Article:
Tintin, the much-loved Belgian comic character, had found his way to the Parasnath Jain Temple of Kolkata, India. This temple has appeared in one of his adventures where he meets and saves a local Maharaja.

The famous globe-trotting reporter created in the words and illustrations of Georges Remi or more popularly Hergé, has crossed the 92nd year of his existence. The Belgian cartoonist had sent his red-headed courageous character along with his Wire Fox Terrier loyal dog Snowy to some of the farthest corners of the earth, including India.

Suvam Pal writes in The Print that he found a reference to the temple at Calcutta in the ‘Les Arts et Les Sciences Dans L’œuvre d’Hergé’ (‘The Arts and Sciences in the Work of Hergé’), a work penned by Tintin researcher and writer Patrick Mérand.

Pal attempted to compare an old photograph of the Jain Temple and the 1867-built temple photo at Musée Hergé among the Tintin creator’s personal belongings and found them to be strikingly identical.

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In the work ‘Blue Lotus’, published in 1934, Tintin and Snowy begin their journey in India, where they are “guests of the Maharaja of Gaipajama, enjoying a well-earned rest.”

It is here that Hergé depicts a regal edifice having archetypal arches and conical towers with a water reservoir at its forecourt, echoing the structure of the Parasnath Jain Temple of Kolkata. It rests in the palace compound of the Maharaja of Gaipajama, Tintin’s host.

The Temple is historically significant, having been erected in Calcutta under the aegis of influential Jain jeweler Rai Badridas Bahadoor Mookim in 1867.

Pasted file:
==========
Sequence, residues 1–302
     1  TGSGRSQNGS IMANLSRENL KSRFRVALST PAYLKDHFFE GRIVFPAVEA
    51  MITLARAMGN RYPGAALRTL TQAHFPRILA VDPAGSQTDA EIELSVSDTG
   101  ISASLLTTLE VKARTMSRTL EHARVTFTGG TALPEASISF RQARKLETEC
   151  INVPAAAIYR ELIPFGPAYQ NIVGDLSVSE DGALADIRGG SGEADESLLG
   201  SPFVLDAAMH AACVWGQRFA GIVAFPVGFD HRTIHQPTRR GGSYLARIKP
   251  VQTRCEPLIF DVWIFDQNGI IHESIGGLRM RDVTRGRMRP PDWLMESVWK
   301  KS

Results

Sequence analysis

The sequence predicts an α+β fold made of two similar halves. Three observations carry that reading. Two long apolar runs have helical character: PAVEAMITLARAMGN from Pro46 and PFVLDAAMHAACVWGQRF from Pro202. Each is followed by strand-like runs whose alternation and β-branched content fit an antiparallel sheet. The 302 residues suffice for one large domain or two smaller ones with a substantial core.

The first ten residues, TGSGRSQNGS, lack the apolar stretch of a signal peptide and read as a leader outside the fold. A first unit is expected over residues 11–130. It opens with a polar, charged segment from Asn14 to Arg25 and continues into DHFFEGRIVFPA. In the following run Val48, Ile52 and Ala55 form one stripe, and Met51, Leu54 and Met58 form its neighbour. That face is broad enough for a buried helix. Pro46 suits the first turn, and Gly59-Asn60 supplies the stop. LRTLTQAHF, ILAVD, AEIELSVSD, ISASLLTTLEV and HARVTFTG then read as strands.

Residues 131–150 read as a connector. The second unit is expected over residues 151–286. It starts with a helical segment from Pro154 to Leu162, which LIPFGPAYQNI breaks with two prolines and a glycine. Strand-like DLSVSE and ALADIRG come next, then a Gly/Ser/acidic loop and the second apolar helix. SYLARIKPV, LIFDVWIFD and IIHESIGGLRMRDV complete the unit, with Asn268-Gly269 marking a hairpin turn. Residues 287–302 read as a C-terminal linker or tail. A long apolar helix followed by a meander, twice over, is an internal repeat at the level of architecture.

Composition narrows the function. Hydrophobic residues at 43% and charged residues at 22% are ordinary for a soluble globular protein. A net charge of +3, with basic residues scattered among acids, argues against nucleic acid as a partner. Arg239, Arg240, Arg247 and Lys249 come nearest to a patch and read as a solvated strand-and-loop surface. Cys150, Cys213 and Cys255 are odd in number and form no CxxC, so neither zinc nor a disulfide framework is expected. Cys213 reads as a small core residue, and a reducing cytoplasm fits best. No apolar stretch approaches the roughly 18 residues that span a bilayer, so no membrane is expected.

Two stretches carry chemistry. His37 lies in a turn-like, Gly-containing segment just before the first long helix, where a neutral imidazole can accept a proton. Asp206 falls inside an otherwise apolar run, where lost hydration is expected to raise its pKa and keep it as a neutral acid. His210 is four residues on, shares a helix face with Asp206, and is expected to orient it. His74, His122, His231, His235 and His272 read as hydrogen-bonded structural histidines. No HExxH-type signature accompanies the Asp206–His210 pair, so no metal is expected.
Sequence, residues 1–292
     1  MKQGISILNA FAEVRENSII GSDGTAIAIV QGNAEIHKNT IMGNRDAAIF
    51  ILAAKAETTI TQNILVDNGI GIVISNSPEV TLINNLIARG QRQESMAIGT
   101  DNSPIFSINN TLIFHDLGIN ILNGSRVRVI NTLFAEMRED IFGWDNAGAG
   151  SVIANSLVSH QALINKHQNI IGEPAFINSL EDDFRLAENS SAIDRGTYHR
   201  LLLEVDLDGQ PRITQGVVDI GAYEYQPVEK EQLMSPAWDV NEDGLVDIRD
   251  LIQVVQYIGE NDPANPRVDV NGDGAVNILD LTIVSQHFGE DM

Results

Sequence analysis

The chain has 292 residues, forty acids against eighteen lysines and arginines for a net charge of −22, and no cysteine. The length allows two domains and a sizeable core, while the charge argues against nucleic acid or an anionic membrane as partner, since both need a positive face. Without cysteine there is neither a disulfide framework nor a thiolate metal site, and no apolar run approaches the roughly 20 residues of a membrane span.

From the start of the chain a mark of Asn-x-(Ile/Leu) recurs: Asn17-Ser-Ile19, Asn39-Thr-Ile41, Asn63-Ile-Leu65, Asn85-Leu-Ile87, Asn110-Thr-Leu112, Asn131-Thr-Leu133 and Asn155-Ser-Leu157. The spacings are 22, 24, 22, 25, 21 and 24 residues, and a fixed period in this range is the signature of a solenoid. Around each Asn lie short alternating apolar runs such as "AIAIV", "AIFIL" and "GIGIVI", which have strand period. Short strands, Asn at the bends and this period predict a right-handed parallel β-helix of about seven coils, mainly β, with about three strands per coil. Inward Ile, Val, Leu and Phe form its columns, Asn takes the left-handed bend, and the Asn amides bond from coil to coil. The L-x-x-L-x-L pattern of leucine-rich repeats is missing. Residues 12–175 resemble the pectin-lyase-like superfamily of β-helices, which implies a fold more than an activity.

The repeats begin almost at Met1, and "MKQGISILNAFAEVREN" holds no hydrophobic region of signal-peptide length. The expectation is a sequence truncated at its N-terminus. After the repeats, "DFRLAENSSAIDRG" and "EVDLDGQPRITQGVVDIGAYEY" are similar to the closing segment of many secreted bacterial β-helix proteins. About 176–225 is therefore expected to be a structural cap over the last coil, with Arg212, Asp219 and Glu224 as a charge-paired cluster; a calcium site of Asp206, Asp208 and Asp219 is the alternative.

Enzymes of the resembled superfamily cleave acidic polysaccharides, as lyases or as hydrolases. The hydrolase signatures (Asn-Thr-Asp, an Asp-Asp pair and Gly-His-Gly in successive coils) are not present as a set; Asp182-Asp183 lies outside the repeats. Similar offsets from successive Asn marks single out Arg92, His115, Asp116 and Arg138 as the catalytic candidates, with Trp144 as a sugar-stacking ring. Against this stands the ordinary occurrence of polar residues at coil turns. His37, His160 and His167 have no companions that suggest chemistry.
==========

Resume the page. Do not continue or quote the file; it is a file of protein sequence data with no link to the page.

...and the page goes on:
It had made its way into one of the thrilling adventures of Tintin as a fictional palace premise, from where Tintin heads to Japanese-invaded China to bust an international gang of smugglers. 

Thus a link was created between Tintin and Kolkata, where poet Nirendranath Chakraborty expertly translated the entire comic series into Bengali, the first Indian language to do so. In 1976, Aveek Sarkar, the head of a media group agency, had interviewed Hergé during a Brussels trip, where he obtained permission for Bengali translation in the children’s magazine, ‘Anandamela’.

Besides Tintin’s visit to the Jain Temple of Kolkata, other Indian cities have also been connected with the brave reporter. In ‘Tintin in Tibet’, Tintin arrives in Delhi with his booze-lover companion Captain Haddock en route to Tibet to save his friend Chang.

His flight to Kathmandu is scheduled to depart from Willingdon aerodrome, now called Safdarjung Airport. ‘Flight 714 to Sydney’ shows how Calculus, the half-deaf physicist, mishears Haddock and assumes that they’re at Chandernagore, the former French settlement in Bengal, instead of Jakarta, Indonesia.

Disclaimer: This article is fact-checked

Sources: The Print, The Telegraph, Hindustan Times

Image sources: Google Images

Feature Image designed by Saudamini Seth

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This post is tagged under: tintin comics, adventures of tintin, #comics, comic book, comic book characters, comic books, kolkata, kolkata temple, architecture historical, architecture India, beauty of indian architecture, architecture of india, jain, Jainism, jain temple, indian temple, indian temples

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